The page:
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Nanomesh pressure sensor for monitoring finger manipulation without sensory interference

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Science  20 Nov 2020:
Vol. 370, Issue 6519, pp. 966-970
DOI: 10.1126/science.abc9735

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A soft touch

Measuring the force it takes for a hand to grasp an object requires sensors to be placed on the fingertips, but these sensors will interfere with or affect how much force ends up being applied. Lee et al. developed a nanomesh sensor built from a series of electrospun materials (see the Perspective by Liu). Using a robotic tester, they show that this device can repeatably detect the pressure involved in gripping an object. They also show that the sensors can be attached to human fingers and that this does not affect the force used to grasp an object.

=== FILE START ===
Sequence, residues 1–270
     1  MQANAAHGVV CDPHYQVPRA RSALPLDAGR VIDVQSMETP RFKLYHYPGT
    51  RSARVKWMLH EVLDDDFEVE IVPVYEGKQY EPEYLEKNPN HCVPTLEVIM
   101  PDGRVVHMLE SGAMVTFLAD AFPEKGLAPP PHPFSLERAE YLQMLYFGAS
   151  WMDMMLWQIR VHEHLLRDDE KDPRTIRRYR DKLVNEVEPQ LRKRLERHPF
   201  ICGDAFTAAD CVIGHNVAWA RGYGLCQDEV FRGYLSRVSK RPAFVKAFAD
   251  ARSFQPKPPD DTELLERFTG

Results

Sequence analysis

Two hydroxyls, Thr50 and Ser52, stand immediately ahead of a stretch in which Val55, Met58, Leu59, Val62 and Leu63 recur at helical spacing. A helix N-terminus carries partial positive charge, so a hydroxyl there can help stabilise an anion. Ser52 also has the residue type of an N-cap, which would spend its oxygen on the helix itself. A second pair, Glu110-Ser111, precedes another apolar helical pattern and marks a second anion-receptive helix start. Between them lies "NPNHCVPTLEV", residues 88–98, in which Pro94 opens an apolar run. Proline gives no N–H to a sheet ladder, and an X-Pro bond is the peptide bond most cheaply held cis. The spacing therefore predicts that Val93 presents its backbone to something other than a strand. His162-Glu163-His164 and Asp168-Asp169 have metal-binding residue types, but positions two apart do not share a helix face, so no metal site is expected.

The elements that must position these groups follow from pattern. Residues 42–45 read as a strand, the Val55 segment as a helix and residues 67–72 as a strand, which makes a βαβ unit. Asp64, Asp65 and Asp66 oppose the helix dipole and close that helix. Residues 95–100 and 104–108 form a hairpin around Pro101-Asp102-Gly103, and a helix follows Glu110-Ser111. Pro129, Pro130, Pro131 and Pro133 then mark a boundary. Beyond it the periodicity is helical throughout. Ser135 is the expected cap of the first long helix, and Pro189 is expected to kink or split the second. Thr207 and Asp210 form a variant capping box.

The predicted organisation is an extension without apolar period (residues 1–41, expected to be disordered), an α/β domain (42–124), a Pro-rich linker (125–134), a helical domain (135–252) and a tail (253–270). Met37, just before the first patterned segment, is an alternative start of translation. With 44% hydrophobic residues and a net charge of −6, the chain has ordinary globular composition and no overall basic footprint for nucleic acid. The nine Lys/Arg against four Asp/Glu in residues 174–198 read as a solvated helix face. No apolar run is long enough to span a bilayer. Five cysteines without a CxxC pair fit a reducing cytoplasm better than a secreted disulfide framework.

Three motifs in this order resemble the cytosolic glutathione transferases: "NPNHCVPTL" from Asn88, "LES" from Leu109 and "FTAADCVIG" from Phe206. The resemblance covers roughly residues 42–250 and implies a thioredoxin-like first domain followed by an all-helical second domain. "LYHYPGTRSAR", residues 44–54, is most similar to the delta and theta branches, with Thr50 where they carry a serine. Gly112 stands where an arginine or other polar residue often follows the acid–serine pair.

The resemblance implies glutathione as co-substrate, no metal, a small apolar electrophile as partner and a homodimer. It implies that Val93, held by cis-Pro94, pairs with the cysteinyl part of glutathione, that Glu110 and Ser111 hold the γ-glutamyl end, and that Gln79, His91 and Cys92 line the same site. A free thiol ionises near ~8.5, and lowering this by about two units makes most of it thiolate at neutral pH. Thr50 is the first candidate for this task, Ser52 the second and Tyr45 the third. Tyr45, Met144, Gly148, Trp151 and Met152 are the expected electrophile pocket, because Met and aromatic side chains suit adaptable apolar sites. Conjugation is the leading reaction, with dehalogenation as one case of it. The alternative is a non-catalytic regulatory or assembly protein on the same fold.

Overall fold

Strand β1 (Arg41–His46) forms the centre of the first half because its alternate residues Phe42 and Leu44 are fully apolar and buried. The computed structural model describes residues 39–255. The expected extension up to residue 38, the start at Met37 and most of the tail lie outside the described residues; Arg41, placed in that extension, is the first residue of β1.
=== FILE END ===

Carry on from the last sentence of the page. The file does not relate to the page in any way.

Science, this issue p. 966; see also p. 910

Abstract

Monitoring of finger manipulation without disturbing the inherent functionalities is critical to understand the sense of natural touch. However, worn or attached sensors affect the natural feeling of the skin. We developed nanomesh pressure sensors that can monitor finger pressure without detectable effects on human sensation. The effect of the sensor on human sensation was quantitatively investigated, and the sensor-applied finger exhibits comparable grip forces with those of the bare finger, even though the attachment of a 2-micrometer-thick polymeric film results in a 14% increase in the grip force after adjusting for friction. Simultaneously, the sensor exhibits an extreme mechanical durability against cyclic shearing and friction greater than hundreds of kilopascals.

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